The favourite to be the next leader of the Labour party, Ivana Bacik, has admitted she is throwing her hat into the ring with a certain amount of reluctance.
“To be honest, I was elected to Dáil just last July,” the Dublin Bay South TD told The Hard Shoulder.
“This would not have been a time of my choosing to have any conversations about a change of leader.”
However, the decision has been somewhat thrust upon her; Alan Kelly abruptly resigned last week citing poor opinion polling and a lack of confidence among colleagues. Only a TD can lead the party and Labour currently only has seven.
“Very kindly, people had said since my election last summer that the leadership might be in the future,” Deputy Bacik continued.
“In my view it was in the very dim and distant future and that’s really where it was at.
“This was not the timing of anyone’s choice. But events do move fast in politics and Alan’s resignation was his decision… but the key thing now is to unite the party and strengthen our vision.”
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While only a TD for a few months, Bacik is still a well-known figure in political circles. She shot to prominence in the 1990s campaigning for abortion rights and was elected a Senator for Trinity College in 2007. Whilst Labour served in Government with Fine Gael between 2011 and 2016, she was its leader in the Seanad. This, however, is a position on her CV and a time in the party’s history she is far from keen to dwell on:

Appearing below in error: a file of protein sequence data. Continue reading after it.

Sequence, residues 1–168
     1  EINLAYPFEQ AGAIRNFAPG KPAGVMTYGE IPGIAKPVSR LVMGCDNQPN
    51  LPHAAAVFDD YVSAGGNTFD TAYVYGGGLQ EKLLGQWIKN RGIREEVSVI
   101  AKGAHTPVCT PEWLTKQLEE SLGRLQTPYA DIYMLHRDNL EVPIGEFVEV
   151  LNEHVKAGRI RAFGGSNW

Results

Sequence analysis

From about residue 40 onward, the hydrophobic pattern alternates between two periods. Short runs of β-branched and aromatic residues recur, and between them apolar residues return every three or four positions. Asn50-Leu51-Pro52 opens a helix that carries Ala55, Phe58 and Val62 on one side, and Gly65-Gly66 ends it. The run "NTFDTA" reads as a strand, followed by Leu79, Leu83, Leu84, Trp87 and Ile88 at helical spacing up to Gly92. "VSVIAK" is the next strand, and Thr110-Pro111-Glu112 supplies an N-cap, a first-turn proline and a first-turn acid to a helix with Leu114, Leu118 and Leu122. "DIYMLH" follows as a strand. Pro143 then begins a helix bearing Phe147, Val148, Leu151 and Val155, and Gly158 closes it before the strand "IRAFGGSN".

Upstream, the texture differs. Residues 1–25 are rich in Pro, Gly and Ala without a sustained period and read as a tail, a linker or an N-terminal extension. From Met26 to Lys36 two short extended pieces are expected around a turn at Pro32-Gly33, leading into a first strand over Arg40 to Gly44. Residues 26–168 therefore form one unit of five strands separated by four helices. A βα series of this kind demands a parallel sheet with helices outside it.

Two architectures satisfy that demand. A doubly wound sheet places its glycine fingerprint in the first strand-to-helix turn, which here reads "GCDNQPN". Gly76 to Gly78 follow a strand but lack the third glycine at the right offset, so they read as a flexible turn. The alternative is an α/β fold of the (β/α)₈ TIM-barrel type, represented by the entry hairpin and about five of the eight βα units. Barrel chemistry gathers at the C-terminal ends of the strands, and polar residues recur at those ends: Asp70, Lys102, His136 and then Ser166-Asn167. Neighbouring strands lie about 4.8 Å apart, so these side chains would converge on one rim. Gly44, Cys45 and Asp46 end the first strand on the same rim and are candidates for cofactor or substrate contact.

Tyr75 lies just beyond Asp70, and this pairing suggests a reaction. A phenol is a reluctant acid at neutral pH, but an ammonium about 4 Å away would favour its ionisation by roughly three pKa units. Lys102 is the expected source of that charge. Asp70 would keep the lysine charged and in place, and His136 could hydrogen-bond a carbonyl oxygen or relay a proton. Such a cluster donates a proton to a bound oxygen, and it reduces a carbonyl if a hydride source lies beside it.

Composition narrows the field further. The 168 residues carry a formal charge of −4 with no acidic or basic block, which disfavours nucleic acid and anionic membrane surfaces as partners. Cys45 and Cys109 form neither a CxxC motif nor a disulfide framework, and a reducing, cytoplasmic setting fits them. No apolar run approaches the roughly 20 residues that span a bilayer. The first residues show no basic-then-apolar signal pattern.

“Certainly, there were actions taken in that Government that Labour would never have wished or wanted to take,” she admits.
“But let’s not forget the conditions under which the Government also was operating; at a time when the country was on the brink of bankruptcy and indeed was within a Troika programme and when Labour came out of that Government in 2016, of course [we were in] a much better place financially.”
The coalition with Fine Gael is widely credited with allowing Sinn Féin to become Ireland’s most popular centre-left party and it is currently polling some 20 points ahead of Labour. Even Eamon Ryan’s Green party is more popular than Labour. However, ever the optimist, Deputy Bacik believes the party could yet pull off a Lazarus style revival in its fortunes:
“I would say not to assume anything in politics,” she said optimistically.
“What we have all seen internationally and nationally is how difficult it is to predict with any certainty what will happen in politics.
“So just because a party is doing well in the opinion polls one day does not mean with any certainty that it is likely to be in Government the next.”
Main image: Labour's Ivana Bacik at the publication of paid leave for reproductive health-related issues outside Leinster House in March 2021. Picture by: Sasko Lazarov / RollingNews.ie